When I began writing this blog, the mass shooting that killed 49 people at an Orlando nightclub had recently occurred. I wanted to address the issue of how to be resilient during a violent era in our culture. Sadly, a few weeks ago, another shooting occurred in Dallas, TX. Five policemen were killed. It seems as though there is at least one violent event in the media each week, and realistically many more each day that we do not hear about in the news.
Politicians, national security agencies, the mass media, and the American public have articulated a wide range of opinions regarding how to stop the violence. We can only hope that some agreement can be reached on how to make this happen. But perhaps a more important question at the moment is:
How do we respond to violence in a way that brings peace and promotes resilience in those of us left behind after these violent tragedies?
Whether or not we are directly affected by a tragedy in that we have lost loved ones, or we have been indirectly affected by the shock, fear, and intense emotions that follow, we have no choice but to find ways to seek comfort and support. In addition, we must bounce back – we have no choice in that. The only alternative is to give up, hide inside of our homes, and stop living a joyful and productive life. That is not an alternative that most of us want to entertain. This month’s article provides some guidance in how to survive and thrive when every day there seems to be a violent headline.
Steps Toward Resilience
1. The first step is to breathe deeply. Stop, for a few moments, and gather our composure. We won't be able to do anything successfully in dealing with a crisis if we are not calm. We must be mindful of our bodies, our brains, and our souls. We can't change the past, and we don't know what lies ahead, but we do know that we have the present moment.
2. The next step toward resilience is showing gratitude. Acknowledge the things in life that we most appreciate – especially the people that we love. Listing all the things for which we are grateful reminds us that, despite suffering and hardship, we want to remember what we still have.
3. Take breaks from the media. Although it is important to stay current on the news and be aware of what is happening around us, it is appropriate to step away from the mass coverage of tragic events, especially when the news media insist on replaying the clips and retelling the stories. Sometimes it is too much information, and we can take a break from it.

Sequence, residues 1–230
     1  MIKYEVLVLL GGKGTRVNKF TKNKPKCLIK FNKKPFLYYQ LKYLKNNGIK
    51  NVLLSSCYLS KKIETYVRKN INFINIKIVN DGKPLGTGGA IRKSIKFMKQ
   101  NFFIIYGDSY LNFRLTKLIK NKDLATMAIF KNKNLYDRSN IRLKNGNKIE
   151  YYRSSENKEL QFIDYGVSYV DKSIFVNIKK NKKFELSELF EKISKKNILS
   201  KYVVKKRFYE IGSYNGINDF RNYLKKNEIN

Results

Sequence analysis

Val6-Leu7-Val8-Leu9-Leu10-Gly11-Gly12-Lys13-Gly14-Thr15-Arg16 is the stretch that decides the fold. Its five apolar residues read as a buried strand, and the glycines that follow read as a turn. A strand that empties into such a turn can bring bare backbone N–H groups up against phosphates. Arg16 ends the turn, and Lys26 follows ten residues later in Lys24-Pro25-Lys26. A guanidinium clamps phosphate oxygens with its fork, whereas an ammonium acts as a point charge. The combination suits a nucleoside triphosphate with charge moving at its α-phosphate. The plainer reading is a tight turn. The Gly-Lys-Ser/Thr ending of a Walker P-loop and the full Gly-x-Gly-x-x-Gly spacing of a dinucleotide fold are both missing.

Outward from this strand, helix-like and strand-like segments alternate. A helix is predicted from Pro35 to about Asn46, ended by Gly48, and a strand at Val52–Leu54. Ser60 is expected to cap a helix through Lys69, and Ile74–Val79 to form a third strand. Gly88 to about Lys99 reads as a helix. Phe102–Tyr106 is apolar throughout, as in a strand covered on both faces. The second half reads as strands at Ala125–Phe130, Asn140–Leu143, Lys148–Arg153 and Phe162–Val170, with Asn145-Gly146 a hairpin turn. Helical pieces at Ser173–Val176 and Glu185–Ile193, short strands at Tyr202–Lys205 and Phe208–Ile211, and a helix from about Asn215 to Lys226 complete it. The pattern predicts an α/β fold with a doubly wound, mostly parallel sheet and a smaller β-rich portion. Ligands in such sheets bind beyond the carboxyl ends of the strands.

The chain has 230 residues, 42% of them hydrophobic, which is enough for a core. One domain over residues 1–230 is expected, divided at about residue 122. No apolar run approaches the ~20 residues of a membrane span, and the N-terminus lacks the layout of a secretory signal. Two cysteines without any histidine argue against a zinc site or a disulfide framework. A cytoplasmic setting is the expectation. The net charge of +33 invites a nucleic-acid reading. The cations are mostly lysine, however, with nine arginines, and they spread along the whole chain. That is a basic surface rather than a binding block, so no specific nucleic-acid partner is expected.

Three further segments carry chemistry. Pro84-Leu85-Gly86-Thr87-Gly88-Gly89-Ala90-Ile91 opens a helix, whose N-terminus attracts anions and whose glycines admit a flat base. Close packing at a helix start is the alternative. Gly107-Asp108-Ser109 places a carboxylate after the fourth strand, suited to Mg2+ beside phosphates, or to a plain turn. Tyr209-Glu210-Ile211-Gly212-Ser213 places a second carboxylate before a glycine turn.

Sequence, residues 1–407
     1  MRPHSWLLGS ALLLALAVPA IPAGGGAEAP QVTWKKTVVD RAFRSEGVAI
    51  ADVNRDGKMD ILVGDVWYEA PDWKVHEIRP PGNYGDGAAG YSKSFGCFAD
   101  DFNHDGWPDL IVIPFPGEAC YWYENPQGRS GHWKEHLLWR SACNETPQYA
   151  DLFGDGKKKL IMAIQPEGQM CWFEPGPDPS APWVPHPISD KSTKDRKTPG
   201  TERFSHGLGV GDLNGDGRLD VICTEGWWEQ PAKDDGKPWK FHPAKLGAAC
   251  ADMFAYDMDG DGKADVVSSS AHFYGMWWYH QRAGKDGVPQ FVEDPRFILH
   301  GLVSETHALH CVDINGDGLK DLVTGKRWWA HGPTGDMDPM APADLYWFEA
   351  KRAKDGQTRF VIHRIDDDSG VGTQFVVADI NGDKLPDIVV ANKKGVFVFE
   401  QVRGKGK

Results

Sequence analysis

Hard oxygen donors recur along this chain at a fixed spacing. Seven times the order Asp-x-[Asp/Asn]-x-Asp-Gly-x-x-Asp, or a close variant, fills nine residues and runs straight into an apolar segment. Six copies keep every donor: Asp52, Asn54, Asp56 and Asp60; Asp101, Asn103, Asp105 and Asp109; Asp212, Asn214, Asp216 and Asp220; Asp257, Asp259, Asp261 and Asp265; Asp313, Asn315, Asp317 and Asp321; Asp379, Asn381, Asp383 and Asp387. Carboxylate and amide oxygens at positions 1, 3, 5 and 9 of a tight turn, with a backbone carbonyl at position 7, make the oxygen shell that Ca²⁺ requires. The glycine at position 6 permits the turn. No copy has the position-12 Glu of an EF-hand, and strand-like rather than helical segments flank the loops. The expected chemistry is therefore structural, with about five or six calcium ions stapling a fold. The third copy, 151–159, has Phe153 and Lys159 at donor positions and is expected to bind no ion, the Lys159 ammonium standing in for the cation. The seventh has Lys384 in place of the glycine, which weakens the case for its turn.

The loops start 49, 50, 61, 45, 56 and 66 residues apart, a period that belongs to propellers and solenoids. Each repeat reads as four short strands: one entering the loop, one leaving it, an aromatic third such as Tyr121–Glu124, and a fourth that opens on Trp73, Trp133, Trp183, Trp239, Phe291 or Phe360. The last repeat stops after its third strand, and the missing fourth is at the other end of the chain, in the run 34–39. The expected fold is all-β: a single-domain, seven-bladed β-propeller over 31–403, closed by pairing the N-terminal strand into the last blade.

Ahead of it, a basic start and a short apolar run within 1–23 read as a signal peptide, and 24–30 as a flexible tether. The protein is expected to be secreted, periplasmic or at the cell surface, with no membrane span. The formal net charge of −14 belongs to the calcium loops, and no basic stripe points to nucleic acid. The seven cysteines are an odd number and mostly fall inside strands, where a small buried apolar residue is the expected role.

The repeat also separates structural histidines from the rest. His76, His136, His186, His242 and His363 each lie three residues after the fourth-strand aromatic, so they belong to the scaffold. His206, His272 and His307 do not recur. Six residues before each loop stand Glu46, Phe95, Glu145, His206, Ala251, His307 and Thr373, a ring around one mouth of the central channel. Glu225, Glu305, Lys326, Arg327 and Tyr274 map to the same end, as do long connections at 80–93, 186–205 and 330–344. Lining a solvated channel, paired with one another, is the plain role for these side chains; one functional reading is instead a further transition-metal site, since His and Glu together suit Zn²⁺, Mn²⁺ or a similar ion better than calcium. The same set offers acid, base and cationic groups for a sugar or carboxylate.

4. Stay optimistic. Even when the world feels unsafe, unpredictable, and unenjoyable, we must remember that every day is a new beginning, and we must appreciate each day for what is has to offer. It is important to not begin to think in all-or-nothing ways by making statements such as, “The world has become a terrible place,” or “The future is not hopeful.” When we repeat these kinds of statements, they begin to feel more true.
5. Find ways to help others. During many tragic events, there are usually tangible ways that you and your family can proactively contribute. A caring and helpful mindset builds resilience. Donate blood to those affected, take food to the rescue workers who may be assisting, raise money for victims or their families. If you aren’t sure you can help, pray for the victims, or help someone you know who is in crisis. There are always people who need support, and helping others in need reminds us that we are not helpless.
6. Make plans, and move forward. It is understandable, and normal, to feel fearful when violence occurs. But we don’t want the fear to paralyze us and prevent us from living a joyful life. Plan that vacation, visit friends and family, apply to that school or job. We do not know how many tomorrows we have, but we know that tomorrow is coming. So, embrace the present but make plans and look forward, with hope, to a brighter tomorrow.